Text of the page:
For Luc Turcotte, a love of the outdoors led to fly fishing, and his passion for connecting with nature led to a decision to pursue his Masters in Natural Resource Science at the University of Northern British Columbia.
“One of my hobbies is fly-fishing, so that meshed very well with pursuing a Master’s of Science in fish,” Turcotte explains. “Generally a lot of my hobbies are outdoor based – biking, canoeing, camping, all that kind of stuff. I’m very outdoor based and Prince George definitely offered a lot of that. It ticked a lot of boxes when I was looking for a university.”
Turcotte is partway through his second year of graduate studies at UNBC under supervisor Dr. Mark Shrimpton, who encouraged Turcotte to apply for the Freshwater Fisheries Society of B.C. scholarship. The scholarship is designed to recognize “outstanding commitment to academic pursuits in the field of freshwater fisheries.”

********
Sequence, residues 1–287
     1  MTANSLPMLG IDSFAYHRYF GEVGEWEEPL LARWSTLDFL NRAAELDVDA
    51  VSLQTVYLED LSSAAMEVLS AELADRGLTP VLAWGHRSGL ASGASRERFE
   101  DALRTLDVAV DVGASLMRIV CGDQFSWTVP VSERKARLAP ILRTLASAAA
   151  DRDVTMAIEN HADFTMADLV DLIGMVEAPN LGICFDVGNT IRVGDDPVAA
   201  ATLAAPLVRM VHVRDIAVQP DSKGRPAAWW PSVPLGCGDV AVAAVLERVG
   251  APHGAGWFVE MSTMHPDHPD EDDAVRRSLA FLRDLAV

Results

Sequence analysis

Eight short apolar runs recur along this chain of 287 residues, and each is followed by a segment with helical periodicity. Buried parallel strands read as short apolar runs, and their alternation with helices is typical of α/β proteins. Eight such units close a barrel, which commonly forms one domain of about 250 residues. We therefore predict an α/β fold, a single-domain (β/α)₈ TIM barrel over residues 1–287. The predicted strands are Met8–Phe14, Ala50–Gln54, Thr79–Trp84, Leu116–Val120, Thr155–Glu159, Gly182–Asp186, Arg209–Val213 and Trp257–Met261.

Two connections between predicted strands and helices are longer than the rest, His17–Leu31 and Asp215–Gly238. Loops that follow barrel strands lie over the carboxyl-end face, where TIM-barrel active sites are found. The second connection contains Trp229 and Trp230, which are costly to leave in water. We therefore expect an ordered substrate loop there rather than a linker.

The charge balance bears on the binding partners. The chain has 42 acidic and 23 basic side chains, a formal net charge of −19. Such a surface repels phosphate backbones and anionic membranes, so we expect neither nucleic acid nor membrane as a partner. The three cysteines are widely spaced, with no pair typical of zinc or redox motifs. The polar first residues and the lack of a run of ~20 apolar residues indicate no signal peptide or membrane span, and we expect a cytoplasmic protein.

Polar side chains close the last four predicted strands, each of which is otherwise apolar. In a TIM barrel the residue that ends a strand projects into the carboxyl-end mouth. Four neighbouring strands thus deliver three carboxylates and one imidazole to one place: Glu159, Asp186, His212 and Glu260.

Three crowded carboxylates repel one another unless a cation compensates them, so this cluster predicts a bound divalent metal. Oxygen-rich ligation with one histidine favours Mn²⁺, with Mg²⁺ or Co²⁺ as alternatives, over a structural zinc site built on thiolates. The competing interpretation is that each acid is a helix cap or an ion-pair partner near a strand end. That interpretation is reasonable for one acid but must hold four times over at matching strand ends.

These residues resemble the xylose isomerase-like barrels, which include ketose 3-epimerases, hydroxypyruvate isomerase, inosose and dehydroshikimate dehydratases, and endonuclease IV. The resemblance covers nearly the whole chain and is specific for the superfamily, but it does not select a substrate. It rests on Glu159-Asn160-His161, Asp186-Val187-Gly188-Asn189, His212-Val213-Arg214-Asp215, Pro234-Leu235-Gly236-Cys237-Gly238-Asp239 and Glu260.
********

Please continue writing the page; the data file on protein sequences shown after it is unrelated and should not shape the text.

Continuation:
Of 20 applicants, Turcotte was selected to be one of four recipients of a $1,500 grant that will go a long way in helping him during his final year of research on coho salmon and their habitat in the Coldwater River near Merritt, B.C. In the fall of 2018, Turcotte conducted field research, harvested approximately 2,500 coho embryos, and brought them to a lab at UNBC. He is studying the effects of different levels of oxygen on incubation development of the coho eggs.
The field research is an extension of Turcotte’s passion for river fishing.
“My favorite kind of fishing is river fishing, so you get to walk around in the river a lot,” says Turcotte. “And it’s always different every time you go out. The river is never the same, it’s always changing depending on the time of year. It’s just a way to enjoy being outdoors, and I’d rather be outside than inside.”
To be able to combine that passion with an education is an exceptional opportunity.